ANNA MIKHAILOVA: Former Tory Health and Transport Minister George Freeman ought to be known as ‘Not So Freeman’ – owing to his unusual take on the meaning of ‘pro bono’
Former Tory Health and Transport Minister George Freeman ought to be known as ‘Not So Freeman’ – owing to his unusual take on the meaning of ‘pro bono’. To most, it’s doing something for free.
Acoba, the anti-corruption watchdog, has rapped Freeman’s knuckles for failing to ask permission before taking paid work for AerosolShield, a firm that makes PPE.
Last March, at the start of lockdown, he patriotically urged the NHS Procurement team to give the Cornwall-based firm a contract, which Freeman ‘envisaged might possibly lead to commercial work downstream’.
Acoba, the anti-corruption watchdog, has rapped George Freeman’s (pictured) knuckles for failing to ask permission before taking paid work for AerosolShield, a firm that makes PPE
I hate you Labour Lefties!
On the Buses with Stephen Lewis
Sir Keir Starmer is looking like Blakey (left), the heavy-handed depot inspector from vintage TV sitcom On The Buses, in his efforts to control insubordinate Labour colleagues.
At first, a few ‘hard Leftists’ were appointed to his frontbench to maintain ‘broad church’ optics. But they are having to leave their socialist principles on the hard shoulder and get in the right lane. For example, Sam Tarry, who Sir Keir recently appointed Shadow Minister for Buses. The Ilford South MP once prophesised that anti-Corbynites would face a ‘day of reckoning’. Instead, it’s Tarry who felt obliged to resign as a director of Momentum soon after joining Labour’s top team.
Just as well – last week, Momentum described Sir Keir’s supposedly bold policy speech as showing ‘no ambition and little substance’. A phrase very reminiscent of jobsworth Blakey.
Only then was Acoba consulted for advice. Thinking the Norfolk MP was acting pro bono and not expecting a payday, the watchdog said he didn’t need its approval.
Ultimately, AerosolShield didn’t get a PPE contract, but the company nevertheless invited Freeman to be its chairman and offered a £5,000 stipend for consulting work.
He duly took the cash-for-consultancy, but failed to seek Acoba’s permission for either offer – something it found to be a ‘clear’ breach of the Ministerial code requiring ex-Ministers to seek advice before taking up any work within two years of leaving government.
In a fruity exchange of letters, ‘Not So Freeman’ wrote how ‘appalled’ he was that Acoba had ‘misrepresented’ his ‘pro bono work’ as a rule breach.
His work for AerosolShield, he said, was ‘not in any way linked to my previous Ministerial role at the Dept for Transport’, so it ‘didn’t even occur’ to him to register it with the watchdog.
Mr Five Grand described the company’s founders as a ‘husband and wife team of medics’.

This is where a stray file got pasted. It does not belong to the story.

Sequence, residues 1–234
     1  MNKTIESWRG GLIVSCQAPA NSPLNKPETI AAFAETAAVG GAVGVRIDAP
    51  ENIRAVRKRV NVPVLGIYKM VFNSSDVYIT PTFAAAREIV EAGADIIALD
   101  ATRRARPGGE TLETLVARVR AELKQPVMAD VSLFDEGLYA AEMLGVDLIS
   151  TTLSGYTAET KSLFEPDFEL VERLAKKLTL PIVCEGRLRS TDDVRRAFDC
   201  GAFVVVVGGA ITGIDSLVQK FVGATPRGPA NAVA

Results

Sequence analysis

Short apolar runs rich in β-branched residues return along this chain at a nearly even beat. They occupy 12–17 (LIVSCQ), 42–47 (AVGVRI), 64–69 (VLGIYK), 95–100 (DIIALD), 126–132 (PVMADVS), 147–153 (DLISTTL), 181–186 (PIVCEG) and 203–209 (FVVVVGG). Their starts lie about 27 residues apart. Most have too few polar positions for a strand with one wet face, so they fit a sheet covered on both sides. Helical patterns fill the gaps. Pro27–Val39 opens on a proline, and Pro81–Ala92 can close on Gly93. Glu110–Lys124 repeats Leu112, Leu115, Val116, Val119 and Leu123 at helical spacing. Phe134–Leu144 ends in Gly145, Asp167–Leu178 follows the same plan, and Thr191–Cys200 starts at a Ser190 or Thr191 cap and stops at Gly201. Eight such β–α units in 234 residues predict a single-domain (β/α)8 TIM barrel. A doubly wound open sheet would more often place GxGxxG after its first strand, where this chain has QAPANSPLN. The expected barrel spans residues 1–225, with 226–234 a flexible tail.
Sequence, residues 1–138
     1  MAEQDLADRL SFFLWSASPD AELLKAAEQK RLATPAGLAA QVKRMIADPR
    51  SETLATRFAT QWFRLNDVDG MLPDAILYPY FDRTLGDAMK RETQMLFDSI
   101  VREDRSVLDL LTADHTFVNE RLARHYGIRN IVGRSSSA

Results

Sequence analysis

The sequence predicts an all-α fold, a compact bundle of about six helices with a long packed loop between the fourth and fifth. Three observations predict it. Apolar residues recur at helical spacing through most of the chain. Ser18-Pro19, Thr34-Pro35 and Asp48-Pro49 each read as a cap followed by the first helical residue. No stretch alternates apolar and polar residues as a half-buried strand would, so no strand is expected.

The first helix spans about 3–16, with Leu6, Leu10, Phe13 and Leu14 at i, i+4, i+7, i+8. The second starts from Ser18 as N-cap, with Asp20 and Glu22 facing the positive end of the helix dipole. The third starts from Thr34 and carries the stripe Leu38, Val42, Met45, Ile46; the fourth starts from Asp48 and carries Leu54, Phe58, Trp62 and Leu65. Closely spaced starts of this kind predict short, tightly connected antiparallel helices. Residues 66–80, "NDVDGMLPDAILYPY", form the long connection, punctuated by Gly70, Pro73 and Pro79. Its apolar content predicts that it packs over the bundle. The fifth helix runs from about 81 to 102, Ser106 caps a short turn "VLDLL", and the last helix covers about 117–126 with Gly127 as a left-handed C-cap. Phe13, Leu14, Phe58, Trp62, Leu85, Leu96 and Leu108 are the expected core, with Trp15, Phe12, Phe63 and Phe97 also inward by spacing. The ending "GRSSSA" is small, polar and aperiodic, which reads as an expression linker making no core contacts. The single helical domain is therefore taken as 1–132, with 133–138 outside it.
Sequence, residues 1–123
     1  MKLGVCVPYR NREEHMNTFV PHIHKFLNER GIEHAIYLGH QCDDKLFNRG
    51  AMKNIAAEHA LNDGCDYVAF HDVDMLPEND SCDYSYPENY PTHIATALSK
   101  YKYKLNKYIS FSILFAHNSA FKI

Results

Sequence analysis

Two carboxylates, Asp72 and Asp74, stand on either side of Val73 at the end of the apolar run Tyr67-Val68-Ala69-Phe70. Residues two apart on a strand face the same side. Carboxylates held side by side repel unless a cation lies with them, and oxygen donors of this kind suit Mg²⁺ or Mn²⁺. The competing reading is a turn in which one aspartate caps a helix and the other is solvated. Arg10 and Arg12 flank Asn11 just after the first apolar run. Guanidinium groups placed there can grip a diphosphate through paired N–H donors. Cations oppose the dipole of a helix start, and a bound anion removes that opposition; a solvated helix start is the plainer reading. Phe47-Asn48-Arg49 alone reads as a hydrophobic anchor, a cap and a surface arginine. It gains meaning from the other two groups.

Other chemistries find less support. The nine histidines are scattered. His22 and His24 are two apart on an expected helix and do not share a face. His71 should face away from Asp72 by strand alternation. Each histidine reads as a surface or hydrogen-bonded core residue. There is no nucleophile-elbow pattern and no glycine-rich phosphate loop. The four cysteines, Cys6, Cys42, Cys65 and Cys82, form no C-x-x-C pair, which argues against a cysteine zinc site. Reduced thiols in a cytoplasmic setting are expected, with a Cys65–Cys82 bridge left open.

Benign enough. But the MP forgot to mention to Acoba that AerosolShield co-founder, Matthew Campbell-Hill, is also a longstanding Government adviser.
He is a non-executive director in the Driving and Vehicle Standards Agency, which sits within the Department for Transport, a position Campbell-Hill held throughout Freeman’s time as Minister.
Also, Campbell-Hill was an adviser to MHRA, the medicines regulator, when Freeman was the Health Minister in 2015. Records show the pair attended meetings together.
Last night, Freeman insisted he had ‘no idea’ of Campbell-Hill’s transport role and didn’t think his MHRA work ‘relevant’.
Freeman has apologised to Acoba for a ‘genuine misunderstanding’ and says contritely on his website that he’s someone who strives to go ‘above and beyond the minimum compliance requirements’.
Curious then that over the past year, he has also failed to declare half a dozen outside interests on his register of interests within the required 28-day limit – most recently a sofa he received as a wedding gift.
Much pondering among the Newspeak team at No 10 on how to rebrand Dominic Cummings’s pet project to build an £800 million hub for cutting-edge boffins after he was vaporised from Downing Street.
Much pondering among the Newspeak team at No 10 on how to rebrand Dominic Cummings’s (pictured) pet project to build an £800 million hub for cutting-edge boffins
Whereas in George Orwell’s Nineteen Eighty-Four ‘every record has been destroyed or falsified, every book rewritten, every picture re-painted’, in Boris Johnson’s 2021, the Advanced Research Projects Agency has been given the melodious name ARIA (Advanced Research & Invention Agency), to remove any association with the Barnard Castle wanderer.
My spy says the advice was to erase any association with ‘toxic’ Unperson Cummings – or risk losing support for the project altogether.